“You’re almost up,” Dad said as he glanced out the window. “Everybody’s seated and Yumi’s about to wet herself she’s so excited—you better get out there before she spins off into the aether and takes all the flower petals with her.”

I laughed and joined him at the window, my dress rustling softly as I went. Sure enough, Ferris and Collin’s daughter was spinning in place, watching her red-orange dress with the teal ribbon flare as she turned. Her black hair showed blue in the bright sunlight. Ferris crouched down in front of her to grab her attention.

Dad let the curtain fall back into place. “See what I mean?”

“We should probably get out there before everybody melts, regardless,” I agreed.

I took his arm though it wasn’t necessary just yet, and together we walked down the short hallway, then across the living room to the front door.

“So,” Dad said as we waited. “After today, Mrs. King, huh?”

I shook my head. “Ms. Brayton-King, Dad. I told you that.”

“That’s right.” He sighed theatrically. “Hyphenating…that’s very modern of you. How does Drake feel about that?”

“He’s fine with it.” Especially when I’d explained to him why I’d wanted to do it: to preserve the Brayton shifter lineage. I was the last Brayton shifter, after all.

“I know,” Dad replied. “I’m just diffusing the situation with humor—it’s a coping mechanism.”

I laughed quietly.

“See, it works every time.”

A knock on the door meant the flower girl was on her way down the aisle, which was my cue.

My eyes found Drake’s the second the door opened. And while I knew there were people sitting in the white chairs on either side of the aisle—Samantha and Harris, Mallory, Terry and Michael, Sol, Poi, Nina, Wyck, Gabriel, even Felix, an empty chair beside him in honor of my aunt—Drake was all I could see.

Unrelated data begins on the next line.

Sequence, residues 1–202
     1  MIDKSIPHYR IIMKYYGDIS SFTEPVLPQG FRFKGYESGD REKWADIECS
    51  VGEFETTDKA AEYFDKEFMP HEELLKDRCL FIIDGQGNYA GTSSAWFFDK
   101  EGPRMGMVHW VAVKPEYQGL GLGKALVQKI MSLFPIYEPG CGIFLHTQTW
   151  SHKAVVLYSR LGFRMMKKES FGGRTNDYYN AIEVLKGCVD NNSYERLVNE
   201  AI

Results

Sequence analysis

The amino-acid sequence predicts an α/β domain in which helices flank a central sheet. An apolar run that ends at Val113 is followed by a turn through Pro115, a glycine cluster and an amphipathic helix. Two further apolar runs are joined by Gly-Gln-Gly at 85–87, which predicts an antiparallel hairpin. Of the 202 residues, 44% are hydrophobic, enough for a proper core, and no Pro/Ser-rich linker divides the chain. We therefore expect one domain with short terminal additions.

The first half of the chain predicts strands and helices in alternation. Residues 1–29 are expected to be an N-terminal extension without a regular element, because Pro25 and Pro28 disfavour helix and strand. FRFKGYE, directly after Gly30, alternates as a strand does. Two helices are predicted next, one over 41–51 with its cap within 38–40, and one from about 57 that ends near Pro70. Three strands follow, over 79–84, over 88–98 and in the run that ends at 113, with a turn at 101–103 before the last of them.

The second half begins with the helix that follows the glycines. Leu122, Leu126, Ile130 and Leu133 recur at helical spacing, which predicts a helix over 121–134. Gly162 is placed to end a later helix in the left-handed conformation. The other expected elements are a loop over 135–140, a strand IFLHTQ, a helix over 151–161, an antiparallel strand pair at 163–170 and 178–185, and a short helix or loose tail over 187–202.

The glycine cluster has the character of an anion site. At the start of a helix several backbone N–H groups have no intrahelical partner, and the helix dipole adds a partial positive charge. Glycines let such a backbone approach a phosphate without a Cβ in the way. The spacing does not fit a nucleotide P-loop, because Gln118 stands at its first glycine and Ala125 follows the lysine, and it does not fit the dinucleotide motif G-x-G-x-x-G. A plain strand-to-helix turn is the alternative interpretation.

We couldn’t have known, when we met, all the things that would happen. Just like we couldn’t have known, standing there that day, that it would take five years before we would refer to our house as ours and not Cecelia’s. Or that, in that time, we would have a daughter named Cressida and a son named Joaquin. We had no way of knowing those things as we stood, staring at one another, exchanging the vows we had already been living for years on that sweltering, sunny day under the tree in my aunt’s front yard.

 

What am I working on?

Hello, faithful readers!

It’s been a while since I’ve posted an update on my various projects, so here it is!

After two straight weeks of chapter-by-chapter posts, Waiting | A Shift Series Novella (aka Shift Series 3.5) now lives on its own set of pages under the DRIFT tab here on the website.  Waiting has a special place in my heart–I hope it earned a special place in yours as well.

My latest novel-length project, Cloaked 2, is complete, and currently being reviewed by my primary beta readers.  (If you think you’re up to the task of Beta Reading a couple of novels for me, I’d welcome the feedback!  Shoot me a message on Twitter or Facebook!)  Now I just need to figure out what I’m actually going to call the thing!

Finally, I recently solidified my book-plans for the remainder of 2017 and 2018:

For the rest of 2017, I will be working on and finishing Cloaked 2.5 and Cloaked 3.  In 2018, I have grand plans for The Mythologicals Saga, including a re-write of Harbinger, and overhaul of Augury. All of that to get the series ready for the release of the third book, Corollary (finally!) in early 2019.  Also in 2018, I’d like to do an editing pass on the Shift Series books and re-release them with new covers.

So that’s the real rundown of what I’ve been up to.  The mid-year plan review was incredibly helpful. I’m feeling motivated and focused, ready to close out the year and keep up the momentum in 2018. The Mythologicals Saga re-work is something I’ve wanted to do for a while, so carving out the time to really do it feels pretty great.

Do any of you like to reflect and re-plan midway through the year?  What are some tools you use to plan your work/projects throughout the year, be they for home, career, hobbies, etc?